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Written by Admin    Thursday, 18 February 2016 09:59    PDF Print
Raisman Working Harder Than Ever for Rio
(14 votes, average 4.36 out of 5)

The March issue of International Gymnast is packed. For starters, it features an in-depth interview with Aly Raisman, who candidly discussed a variety of topics, including her Glasgow disappointment. "I think I learned from world championships that I put way too much pressure on myself."

The issue also includes an engaging chat with Great Britain's Louis Smith, whose celebrity status in the U.K. was never his goal. "I never became a gymnast to become famous! Sometimes I find it all a bit mad."

We caught up with 1992 Barcelona Olympic champion Tatiana Gutsu, who opened her own gym last month in Michigan. "All the emotions a human being could ever feel were going through my entire body and mind [in Barcelona]."

And we reached out to Alexander Alexandrov, who gave his personal memories of his former gymnast Valentin Mogilny, who passed away last November. "He became an extended part of my family … I still can't imagine that he is no longer with us."

There are profiles on Russia's Maria Paseka, Italy's Tea Ugrin and 5280's Vitaliy Guimaraes, and coverage of the Nadia Comaneci International Invitational, as well. And there's also a fun piece on how the gymnastics world changed after the Internet.

If you haven't already, now is the time to take advantage of our extremely low subscription rates, which commemorate the 60th anniversary of IG.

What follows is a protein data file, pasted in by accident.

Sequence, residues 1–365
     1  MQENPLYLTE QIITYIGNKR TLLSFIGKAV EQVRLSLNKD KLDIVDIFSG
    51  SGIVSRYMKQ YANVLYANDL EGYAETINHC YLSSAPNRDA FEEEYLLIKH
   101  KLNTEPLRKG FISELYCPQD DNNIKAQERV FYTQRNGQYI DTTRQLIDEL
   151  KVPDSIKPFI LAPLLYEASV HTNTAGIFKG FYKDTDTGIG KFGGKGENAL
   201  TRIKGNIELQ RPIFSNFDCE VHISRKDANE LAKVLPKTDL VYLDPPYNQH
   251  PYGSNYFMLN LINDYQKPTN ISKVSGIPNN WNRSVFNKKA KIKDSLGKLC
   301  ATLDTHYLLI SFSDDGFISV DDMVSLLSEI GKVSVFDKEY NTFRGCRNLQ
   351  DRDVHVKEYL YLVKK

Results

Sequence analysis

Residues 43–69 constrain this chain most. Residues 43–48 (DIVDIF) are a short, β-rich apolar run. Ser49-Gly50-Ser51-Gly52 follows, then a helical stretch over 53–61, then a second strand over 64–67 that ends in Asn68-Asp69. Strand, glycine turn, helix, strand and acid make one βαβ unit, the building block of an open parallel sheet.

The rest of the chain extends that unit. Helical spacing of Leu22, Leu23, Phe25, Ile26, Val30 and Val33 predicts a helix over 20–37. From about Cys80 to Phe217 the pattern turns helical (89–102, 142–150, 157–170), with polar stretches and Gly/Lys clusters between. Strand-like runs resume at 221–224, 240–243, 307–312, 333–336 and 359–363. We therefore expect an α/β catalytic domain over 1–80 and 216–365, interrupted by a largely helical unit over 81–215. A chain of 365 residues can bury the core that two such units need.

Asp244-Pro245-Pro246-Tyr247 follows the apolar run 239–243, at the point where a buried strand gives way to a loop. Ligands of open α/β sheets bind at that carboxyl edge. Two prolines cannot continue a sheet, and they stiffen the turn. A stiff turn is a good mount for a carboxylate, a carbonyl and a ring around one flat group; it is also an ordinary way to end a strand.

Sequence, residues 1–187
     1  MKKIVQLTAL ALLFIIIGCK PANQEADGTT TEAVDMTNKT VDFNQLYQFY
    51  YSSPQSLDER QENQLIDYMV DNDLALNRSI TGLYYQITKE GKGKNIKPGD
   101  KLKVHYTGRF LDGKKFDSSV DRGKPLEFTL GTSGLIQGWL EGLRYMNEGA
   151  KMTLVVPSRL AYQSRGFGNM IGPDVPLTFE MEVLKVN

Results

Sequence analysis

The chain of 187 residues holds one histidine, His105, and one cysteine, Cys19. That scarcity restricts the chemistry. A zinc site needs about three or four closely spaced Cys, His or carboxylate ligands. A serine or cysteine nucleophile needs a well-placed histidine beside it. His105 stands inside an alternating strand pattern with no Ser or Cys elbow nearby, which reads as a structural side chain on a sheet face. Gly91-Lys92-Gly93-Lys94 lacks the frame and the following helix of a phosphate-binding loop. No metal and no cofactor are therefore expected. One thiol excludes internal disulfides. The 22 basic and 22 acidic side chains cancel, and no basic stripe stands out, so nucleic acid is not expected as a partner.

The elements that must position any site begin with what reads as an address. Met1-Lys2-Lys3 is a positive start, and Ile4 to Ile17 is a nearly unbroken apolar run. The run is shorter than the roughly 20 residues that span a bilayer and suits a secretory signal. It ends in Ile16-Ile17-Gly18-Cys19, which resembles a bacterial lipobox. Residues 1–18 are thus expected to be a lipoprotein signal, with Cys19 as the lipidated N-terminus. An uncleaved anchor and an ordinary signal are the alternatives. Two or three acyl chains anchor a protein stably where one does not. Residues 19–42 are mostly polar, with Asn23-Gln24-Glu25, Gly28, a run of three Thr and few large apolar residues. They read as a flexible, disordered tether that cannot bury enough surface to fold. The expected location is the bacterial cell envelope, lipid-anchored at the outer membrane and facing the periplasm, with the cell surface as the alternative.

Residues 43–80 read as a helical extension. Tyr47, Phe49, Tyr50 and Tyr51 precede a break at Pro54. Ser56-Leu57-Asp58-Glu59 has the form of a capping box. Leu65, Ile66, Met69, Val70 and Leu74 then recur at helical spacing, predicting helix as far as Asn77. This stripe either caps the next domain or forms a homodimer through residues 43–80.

Click here to subscribe.

 
Written by Admin    Friday, 12 February 2016 11:53    PDF Print
Record Numbers at Nadia Comaneci International Invitational
(2 votes, average 5.00 out of 5)

The 2016 Nadia Comaneci International Invitational kicks off today with more than 1,600 gymnasts flipping and swinging at the Cox Arena in Oklahoma City. The competition is only one aspect of the Bart & Nadia Sports Experience, a health and wellness event that features a host of free family activities on Saturday from 9:00 a.m. to 3:00 p.m. at the Cox Arena.

Tonight's main event is the Perfect 10 Challenge, an NCAA women's competition in which the top-ranked Oklahoma team will play host to Denver, George Washington and Utah State. The meet begins at 6:45 p.m. (Tickets are $15 at the Cox Convention Center Box Office; free 2-under; University Students free with I.D.)

The main event each year is the Saturday evening women's Elite competition (tickets available at the door: $10; $5-12-under; free-2-under), and this year five of the top seven gymnasts from the recent Elite Canada competition are on hand, including the top three: Jade Chrobok (Gemini), Ana Padurariu (Gemini) and Victoria Jurca (Gym-Fly). Also competing will be Sayge Urban (Dynamo) and Montana Fairbairn (Stampede City). Gemini is coached by 1980 Olympic champion Yelena Davydova of Russia, and the Dynamo coach is two-time Olympic gold medalist Elvira Saadi, a native of Uzbekistan.

Four Romanian juniors will also take part in the competition on Saturday evening: Carmen Glavan, Laura Iacob, Ariadna Stanciu and Carmen Ghiciuc.

WIMGYM of Montreal brought 24 gymnasts, including four Zlobec sisters: Sonita, Evandra, Sevika and Eliana.

The weekend also showcases more than 300 boys in the Bart Conner International Invitational.

Read coverage of the event in the March issue of International Gymnast.